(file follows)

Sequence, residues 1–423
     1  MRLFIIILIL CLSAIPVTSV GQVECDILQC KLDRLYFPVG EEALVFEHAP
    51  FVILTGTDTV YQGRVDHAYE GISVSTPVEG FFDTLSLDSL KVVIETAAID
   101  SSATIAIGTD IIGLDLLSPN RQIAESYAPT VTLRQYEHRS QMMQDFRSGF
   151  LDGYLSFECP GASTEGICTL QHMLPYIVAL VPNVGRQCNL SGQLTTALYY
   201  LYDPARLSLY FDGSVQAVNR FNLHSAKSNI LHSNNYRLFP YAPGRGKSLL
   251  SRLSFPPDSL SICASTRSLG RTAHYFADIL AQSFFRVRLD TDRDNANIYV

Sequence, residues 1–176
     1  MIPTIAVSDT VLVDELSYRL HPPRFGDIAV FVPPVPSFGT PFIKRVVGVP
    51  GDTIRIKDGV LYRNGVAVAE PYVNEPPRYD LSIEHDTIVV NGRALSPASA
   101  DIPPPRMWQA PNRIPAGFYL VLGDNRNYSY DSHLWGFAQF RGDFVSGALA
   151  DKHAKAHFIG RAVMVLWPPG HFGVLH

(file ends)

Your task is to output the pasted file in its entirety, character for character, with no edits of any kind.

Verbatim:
Sequence, residues 1–423
     1  MRLFIIILIL CLSAIPVTSV GQVECDILQC KLDRLYFPVG EEALVFEHAP
    51  FVILTGTDTV YQGRVDHAYE GISVSTPVEG FFDTLSLDSL KVVIETAAID
   101  SSATIAIGTD IIGLDLLSPN RQIAESYAPT VTLRQYEHRS QMMQDFRSGF
   151  LDGYLSFECP GASTEGICTL QHMLPYIVAL VPNVGRQCNL SGQLTTALYY
   201  LYDPARLSLY FDGSVQAVNR FNLHSAKSNI LHSNNYRLFP YAPGRGKSLL
   251  SRLSFPPDSL SICASTRSLG RTAHYFADIL AQSFFRVRLD TDRDNANIYV

Sequence, residues 1–176
     1  MIPTIAVSDT VLVDELSYRL HPPRFGDIAV FVPPVPSFGT PFIKRVVGVP
    51  GDTIRIKDGV LYRNGVAVAE PYVNEPPRYD LSIEHDTIVV NGRALSPASA
   101  DIPPPRMWQA PNRIPAGFYL VLGDNRNYSY DSHLWGFAQF RGDFVSGALA
   151  DKHAKAHFIG RAVMVLWPPG HFGVLH